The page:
Ann Plast Surg. 1992; 29: 2-7
        • Yasui N
        • Sato M
        • Ochi T
        • et al.
        Three modes of ossification during distraction osteogenesis in the rat.
        J Bone Joint Surg Br. 1997; 79: 824-830
        • Mundinger GS
        • Rehim SA
        • Johnson 3rd, O
        • et al.
        Distraction osteogenesis for surgical treatment of craniosynostosis: A systematic review.
        Plast Reconstr Surg. 2016; 138: 657-669
        • Al-Namnam NMN
        • Hariri F
        • Rahman ZAA.
        Distraction osteogenesis in the surgical management of syndromic craniosynostosis: A comprehensive review of published papers.
        Br J Oral Maxillofac Surg. 2018; 56: 353-366
        • Hill CA
        • Vaddi S
        • Moffitt A
        • et al.
        Intracranial volume and whole brain volume in infants with unicoronal craniosynostosis.
        Cleft Palate Craniofac J. 2011; 48: 394-398
        • Fedorov A
        • Beichel R
        • Kalpathy-Cramer J
        • et al.
        3D slicer as an image computing platform for the quantitative imaging network.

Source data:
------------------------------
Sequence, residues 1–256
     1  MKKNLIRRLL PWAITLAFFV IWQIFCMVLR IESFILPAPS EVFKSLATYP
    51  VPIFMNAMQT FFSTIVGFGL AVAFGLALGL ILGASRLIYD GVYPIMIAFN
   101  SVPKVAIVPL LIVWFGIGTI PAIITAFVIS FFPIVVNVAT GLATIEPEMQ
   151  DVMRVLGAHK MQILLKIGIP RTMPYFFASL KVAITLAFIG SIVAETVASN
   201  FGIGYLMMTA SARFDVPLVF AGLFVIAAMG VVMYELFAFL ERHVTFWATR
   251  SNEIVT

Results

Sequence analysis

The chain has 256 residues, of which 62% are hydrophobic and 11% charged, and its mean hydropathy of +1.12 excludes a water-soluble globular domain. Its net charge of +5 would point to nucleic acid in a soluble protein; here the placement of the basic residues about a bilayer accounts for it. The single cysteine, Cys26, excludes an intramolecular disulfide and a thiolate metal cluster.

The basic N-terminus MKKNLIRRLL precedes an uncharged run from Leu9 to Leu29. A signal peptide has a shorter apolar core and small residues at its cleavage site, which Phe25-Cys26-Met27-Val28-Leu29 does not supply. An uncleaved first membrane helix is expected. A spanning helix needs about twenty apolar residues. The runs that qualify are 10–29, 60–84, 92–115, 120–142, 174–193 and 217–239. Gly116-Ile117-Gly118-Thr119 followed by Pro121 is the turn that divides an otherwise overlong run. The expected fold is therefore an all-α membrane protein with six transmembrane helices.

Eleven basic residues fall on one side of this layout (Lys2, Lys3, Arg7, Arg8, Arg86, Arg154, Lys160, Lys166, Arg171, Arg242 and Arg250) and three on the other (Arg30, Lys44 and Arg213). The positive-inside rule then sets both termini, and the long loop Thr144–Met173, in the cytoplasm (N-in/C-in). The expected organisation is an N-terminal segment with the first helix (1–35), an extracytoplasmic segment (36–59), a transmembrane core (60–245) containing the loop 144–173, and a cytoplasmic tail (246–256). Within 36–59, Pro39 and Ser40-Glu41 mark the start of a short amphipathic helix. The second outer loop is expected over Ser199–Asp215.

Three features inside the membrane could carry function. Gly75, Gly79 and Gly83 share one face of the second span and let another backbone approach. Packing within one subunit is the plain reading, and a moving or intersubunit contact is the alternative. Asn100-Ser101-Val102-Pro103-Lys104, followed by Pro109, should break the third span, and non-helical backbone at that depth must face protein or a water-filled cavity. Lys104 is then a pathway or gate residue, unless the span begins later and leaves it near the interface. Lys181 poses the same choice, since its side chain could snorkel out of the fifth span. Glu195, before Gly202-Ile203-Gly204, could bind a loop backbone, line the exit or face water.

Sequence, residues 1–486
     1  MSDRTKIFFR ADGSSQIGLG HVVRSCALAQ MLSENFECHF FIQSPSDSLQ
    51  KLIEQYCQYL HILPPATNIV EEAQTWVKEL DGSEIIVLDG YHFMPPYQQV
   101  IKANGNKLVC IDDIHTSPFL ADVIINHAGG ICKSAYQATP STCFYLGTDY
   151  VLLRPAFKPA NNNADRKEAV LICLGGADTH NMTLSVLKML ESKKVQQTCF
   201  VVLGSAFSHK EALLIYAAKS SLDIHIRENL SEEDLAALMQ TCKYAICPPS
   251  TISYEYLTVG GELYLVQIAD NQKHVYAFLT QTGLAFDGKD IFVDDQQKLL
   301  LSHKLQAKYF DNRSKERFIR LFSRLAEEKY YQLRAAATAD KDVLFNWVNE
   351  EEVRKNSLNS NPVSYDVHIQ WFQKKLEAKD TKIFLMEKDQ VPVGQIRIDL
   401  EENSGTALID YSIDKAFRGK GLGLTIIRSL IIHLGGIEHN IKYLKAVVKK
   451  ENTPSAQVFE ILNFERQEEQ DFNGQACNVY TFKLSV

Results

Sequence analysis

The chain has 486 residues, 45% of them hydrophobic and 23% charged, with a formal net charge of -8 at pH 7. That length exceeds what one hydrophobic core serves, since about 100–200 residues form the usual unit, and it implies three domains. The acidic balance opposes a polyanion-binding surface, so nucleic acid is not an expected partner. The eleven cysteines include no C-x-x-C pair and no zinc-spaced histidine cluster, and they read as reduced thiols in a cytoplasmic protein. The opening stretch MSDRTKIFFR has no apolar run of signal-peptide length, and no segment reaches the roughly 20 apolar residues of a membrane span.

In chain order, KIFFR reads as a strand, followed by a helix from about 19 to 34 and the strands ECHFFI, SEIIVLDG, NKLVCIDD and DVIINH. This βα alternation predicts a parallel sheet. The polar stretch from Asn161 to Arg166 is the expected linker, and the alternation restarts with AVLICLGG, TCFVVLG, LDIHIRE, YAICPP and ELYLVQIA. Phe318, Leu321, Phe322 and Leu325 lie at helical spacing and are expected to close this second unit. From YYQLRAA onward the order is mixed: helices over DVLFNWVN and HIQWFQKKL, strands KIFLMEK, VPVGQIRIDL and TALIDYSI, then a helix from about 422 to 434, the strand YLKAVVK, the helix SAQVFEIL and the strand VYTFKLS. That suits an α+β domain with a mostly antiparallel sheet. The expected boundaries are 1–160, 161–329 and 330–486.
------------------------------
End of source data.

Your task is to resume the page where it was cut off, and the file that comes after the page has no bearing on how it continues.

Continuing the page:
Magn Reson Imaging. 2012; 30: 1323-1341
        • Fearon JA.
        Evidence-based medicine: Craniosynostosis.
        Plast Reconstr Surg. 2014; 133: 1261-1275
        • Imai K
        • Komune H
        • Toda C
        • et al.
        Cranial remodeling to treat craniosynostosis by gradual distraction using a new device.
        J Neurosurg. 2002; 96: 654-659
        • Kim SW
        • Shim KW
        • Plesnila N
        • Kim YO
        • Choi JU
        • Kim DS.
        Distraction vs remodeling surgery for craniosynostosis.
        Childs Nerv Syst. 2007; 23: 201-206
        • Sugawara Y
        • Uda H
        • Sarukawa S
        • Sunaga A.
        Multidirectional cranial distraction osteogenesis for the treatment of craniosynostosis.
        Plast Reconstr Surg. 2010; 126: 1691-1698
        • Patel N
        • Fearon JA.